Saturday, August 3, 2013

California Armenian Home, Employment opportunites for LVN/LPN.

Professional Registered Nurses (RNs) graduating from the Nursing College in New Jersey.  If given the opportunity would you hire this or .....................



· Louise Gardner says......

What will happen to the future of the California Armenian Home, she no longer talks to her niece Loraine Quinn (Bristol) but has some predictions:
Future of LPN / LVN and the bridge to RN (or bridge to no where)
First of all the Nursing Home industry is here to make money and will not pay large salaries, that is reserved for the Administration.  The future will be no more LPN/LVNs because of the fact that MA (Medical Assistants are now registered) MA can do essentially the same as an LVN/LPN except for the IV, but they can just have the Nurse supervisors do the IVs. 
LVN/LPNs are a cheap labor force and very few are continuing on to an RN because they have flooded the market.  Most are too lazy to head back to school or do online with Excelsior College like Jan Vawter did at the age of 52.  But the push is for cheap labor to do these tasks and more profit for the Nursing Home. 
Unfortunately, when you get locked into a nursing home it is impossible to switch to anything but another LTC facility.  The LVN/LPNs you are lifers like Jan, Diane, Nellie and the rest that have been there for over 10 years.  Lor Quinn (Bristol) will just have to stay put for another 20 years.
In 50 more years (2063) it won’t matter because the next generation of Armenian Business people in Fresno County will not be bothered with keeping the place alive and upkeeping.  The Home Guild and Ani Guild cannot get new members.  The new generation prefers home health care without the politics of Yuba.  In 2063 there will be no California Armenian Home because there is no interest in maintaining this money pit.  Donations shrink year after year and the home survives on Medicaid of California.   No one cares anymore.  


Some Facilities Phasing Out Licensed Practical Nurses, Licensed Vocational Nurses

If you are a current or future licensed practical nurse, or licensed vocational nurse, will you be able to have a career as such in a few years? While some facilities, particularly acute care, are cutting back on LPNs (Licensed Practical Nurse, also known as Licensed Vocational Nurse), LPNs and LVNs are projected to experience significant growth in demand, according to the Bureau of Labor Statistics.

HealthLeaders Media reports that some state regulations limit the practices of LPNs, such as not allowing them to dispense medications. However, many areas of the country have such a great need for healthcare professionals, LPNs and LVNs will still be very much needed in those areas.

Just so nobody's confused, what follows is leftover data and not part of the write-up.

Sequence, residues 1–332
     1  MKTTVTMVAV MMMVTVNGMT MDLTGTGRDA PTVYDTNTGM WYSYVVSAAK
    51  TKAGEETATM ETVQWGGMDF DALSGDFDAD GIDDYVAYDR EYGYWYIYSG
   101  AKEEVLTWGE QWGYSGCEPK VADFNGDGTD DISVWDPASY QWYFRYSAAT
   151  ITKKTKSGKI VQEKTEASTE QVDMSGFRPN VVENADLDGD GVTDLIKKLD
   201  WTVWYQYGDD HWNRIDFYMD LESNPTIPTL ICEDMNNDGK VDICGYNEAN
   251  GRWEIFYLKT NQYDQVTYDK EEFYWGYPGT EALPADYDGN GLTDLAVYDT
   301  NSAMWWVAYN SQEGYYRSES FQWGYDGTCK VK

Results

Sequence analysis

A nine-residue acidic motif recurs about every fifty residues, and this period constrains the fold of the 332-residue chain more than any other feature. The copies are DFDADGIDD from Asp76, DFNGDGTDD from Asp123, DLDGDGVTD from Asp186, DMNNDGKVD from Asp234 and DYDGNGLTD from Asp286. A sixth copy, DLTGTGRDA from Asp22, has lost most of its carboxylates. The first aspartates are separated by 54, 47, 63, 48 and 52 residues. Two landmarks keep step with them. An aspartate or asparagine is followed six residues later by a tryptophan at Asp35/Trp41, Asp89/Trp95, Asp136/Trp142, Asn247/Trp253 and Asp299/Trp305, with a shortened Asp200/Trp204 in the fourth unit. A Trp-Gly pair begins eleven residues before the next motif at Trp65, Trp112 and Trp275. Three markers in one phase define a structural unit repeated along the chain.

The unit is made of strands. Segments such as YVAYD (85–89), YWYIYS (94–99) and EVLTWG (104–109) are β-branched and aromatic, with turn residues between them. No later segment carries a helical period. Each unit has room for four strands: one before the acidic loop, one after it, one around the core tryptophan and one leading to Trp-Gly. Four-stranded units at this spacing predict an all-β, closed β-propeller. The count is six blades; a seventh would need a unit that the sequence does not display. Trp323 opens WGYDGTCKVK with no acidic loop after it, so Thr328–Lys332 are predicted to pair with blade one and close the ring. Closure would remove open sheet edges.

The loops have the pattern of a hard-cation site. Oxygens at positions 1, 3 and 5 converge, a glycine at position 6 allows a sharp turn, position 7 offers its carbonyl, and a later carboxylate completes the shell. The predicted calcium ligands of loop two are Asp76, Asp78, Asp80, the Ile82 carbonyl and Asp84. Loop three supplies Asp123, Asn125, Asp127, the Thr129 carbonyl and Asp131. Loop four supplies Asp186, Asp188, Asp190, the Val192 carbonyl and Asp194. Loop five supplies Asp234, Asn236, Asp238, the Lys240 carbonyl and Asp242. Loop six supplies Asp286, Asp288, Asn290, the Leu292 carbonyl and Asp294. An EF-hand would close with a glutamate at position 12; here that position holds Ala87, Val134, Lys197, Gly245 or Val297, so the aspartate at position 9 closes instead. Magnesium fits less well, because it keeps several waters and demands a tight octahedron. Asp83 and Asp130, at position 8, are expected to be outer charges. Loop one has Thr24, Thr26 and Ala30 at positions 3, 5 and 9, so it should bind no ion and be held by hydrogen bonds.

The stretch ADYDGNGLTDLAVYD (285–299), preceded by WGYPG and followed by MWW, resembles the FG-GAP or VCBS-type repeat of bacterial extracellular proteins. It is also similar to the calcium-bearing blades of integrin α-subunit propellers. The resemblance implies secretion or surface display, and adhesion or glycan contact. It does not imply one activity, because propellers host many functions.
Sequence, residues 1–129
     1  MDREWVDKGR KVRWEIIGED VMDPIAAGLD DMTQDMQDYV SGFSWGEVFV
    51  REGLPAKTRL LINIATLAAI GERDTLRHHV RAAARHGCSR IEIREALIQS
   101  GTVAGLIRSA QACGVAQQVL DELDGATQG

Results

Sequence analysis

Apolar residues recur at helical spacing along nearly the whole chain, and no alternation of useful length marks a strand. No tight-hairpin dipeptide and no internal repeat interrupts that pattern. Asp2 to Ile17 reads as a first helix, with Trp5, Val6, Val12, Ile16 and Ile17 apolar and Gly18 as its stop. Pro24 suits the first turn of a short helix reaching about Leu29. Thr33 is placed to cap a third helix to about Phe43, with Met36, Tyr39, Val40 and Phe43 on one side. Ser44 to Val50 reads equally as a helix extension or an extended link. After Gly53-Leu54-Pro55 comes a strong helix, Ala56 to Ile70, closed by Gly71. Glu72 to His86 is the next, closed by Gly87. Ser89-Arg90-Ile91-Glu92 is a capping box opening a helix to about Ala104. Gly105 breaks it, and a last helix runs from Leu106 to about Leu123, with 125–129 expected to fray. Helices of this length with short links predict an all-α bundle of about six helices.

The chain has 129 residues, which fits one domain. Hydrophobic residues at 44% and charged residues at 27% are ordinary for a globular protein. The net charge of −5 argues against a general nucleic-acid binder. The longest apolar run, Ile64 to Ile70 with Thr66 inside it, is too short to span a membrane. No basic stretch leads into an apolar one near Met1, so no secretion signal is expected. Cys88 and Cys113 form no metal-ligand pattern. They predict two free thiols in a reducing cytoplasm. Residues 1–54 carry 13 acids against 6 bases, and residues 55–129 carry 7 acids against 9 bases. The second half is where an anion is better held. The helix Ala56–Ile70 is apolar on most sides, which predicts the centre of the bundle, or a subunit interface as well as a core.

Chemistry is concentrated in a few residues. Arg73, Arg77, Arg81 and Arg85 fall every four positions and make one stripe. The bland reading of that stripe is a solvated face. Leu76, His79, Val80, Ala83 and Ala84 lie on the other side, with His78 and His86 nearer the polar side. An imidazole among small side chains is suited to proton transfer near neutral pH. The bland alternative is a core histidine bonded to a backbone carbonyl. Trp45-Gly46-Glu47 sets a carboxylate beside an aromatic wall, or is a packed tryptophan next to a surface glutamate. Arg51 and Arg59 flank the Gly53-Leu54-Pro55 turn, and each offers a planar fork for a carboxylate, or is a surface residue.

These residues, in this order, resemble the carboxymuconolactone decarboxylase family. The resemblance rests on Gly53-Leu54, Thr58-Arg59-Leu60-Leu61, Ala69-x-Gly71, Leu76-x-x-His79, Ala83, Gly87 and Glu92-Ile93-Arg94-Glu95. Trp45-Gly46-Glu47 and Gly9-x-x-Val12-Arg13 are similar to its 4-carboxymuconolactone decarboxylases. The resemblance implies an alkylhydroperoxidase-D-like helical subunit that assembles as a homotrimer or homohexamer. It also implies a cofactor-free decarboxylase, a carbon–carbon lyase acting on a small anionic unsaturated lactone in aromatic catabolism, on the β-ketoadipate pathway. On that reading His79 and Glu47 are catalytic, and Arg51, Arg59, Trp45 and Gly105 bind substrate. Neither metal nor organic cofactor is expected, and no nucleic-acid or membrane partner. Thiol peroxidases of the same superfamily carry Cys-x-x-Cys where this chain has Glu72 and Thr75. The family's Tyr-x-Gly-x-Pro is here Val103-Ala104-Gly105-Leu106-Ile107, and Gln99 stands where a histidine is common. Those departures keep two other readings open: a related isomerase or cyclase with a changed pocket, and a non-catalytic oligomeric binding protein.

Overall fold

One myth busted in the HealthLeaders article is regarding the Magnet program: there is a common misconception that a facility must do away with LPNs in order to become a Magnet program, but that is not true, says a source quoted in the report.

With the BLS projecting 21 percent growth for the LPN/LVN profession through 2018, the outlook is still good for prospective licensed practical nurses, unless you want to work in acute care. Additionally, you will probably have more job options if you live in one of the states that allows LPN/LVNs to dispense medications to patients.

Some hospital systems in certain states are phasing out the role of LPN/LVN, which is putting some people out of jobs, or forcing them to take a demotion, or to go back to school. Therefore, as you plan your career, be sure to check out the situation in your state or intended state of employment to confirm if this career will be a good option for you based on your location, trends in nearby facilities, state regulations, and level of income you're seeking.


New RNs find job market tight
From USA Today!!!!
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·         By Alison Young, USA TODAY
Even as a national nursing shortage looms, many newly graduated registered nurses can't find jobs because the recession has delayed retirement of experienced nurses,
regulators and health care associations say.  Those who find work often can't get the better-paying hospital positions they'd hoped for and instead are turning to nursing homes,
 home health care or other settings, says Carylin Holsey, president of the National Student Nurses' Association. An advisory for new grads published by the association warns that the
 market is "flooded" with experienced RNs who have come out of retirement, delayed retirement or gone from part-time to full-time employment because of the recession.


Watch as she slips into booze and pills, as her dreams of being an RN fade away.  We will make sure she stays right there with no future in the health care industry in Fresno.  Forever and ever, with a .20 cent an hour raise .  Cha Ching              Cha Ching
Working poor of America.  Poor little thing.  She should have thought about that before she invaded the privacy of a patient's family.   Poor poor thing.  
The only other option is Golden Living Center.  YUK, it must suck to be poor Lori.

It's all who you know Lori and you just don't have the connections like we do.  

1 comment:

  1. LoriFRAUD stay there forever remember everytime you drive up the long driveway about your actions and invasion of patient privacy and violation of civil rights. As the home slips year after year and you grow old in the place like your idol Jan Vawter or Diane Ash (a couple of losers) We will watch as delight in the next 10-20 years as you go down with the sinking ship. Don't forget who we know and the clout we have. All you have is your white trash and wet back buddies, and they would sooner get their friends hired and you be on the unemployment line. Better go find a rich husband or get a degree from College. It might improve your situation.


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